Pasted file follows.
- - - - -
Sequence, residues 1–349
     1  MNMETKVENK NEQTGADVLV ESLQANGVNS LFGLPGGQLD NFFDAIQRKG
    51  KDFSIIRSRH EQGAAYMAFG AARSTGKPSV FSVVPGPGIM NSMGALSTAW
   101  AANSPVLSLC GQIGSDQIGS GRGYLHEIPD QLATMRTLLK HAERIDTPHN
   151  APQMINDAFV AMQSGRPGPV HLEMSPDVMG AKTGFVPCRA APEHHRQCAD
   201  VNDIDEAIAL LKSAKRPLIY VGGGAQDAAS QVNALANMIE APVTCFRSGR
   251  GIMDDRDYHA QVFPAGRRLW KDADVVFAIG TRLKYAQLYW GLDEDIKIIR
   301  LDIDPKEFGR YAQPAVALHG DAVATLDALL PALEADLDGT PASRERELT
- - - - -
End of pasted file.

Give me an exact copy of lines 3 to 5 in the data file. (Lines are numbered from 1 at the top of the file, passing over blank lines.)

    51  KDFSIIRSRH EQGAAYMAFG AARSTGKPSV FSVVPGPGIM NSMGALSTAW
   101  AANSPVLSLC GQIGSDQIGS GRGYLHEIPD QLATMRTLLK HAERIDTPHN
   151  APQMINDAFV AMQSGRPGPV HLEMSPDVMG AKTGFVPCRA APEHHRQCAD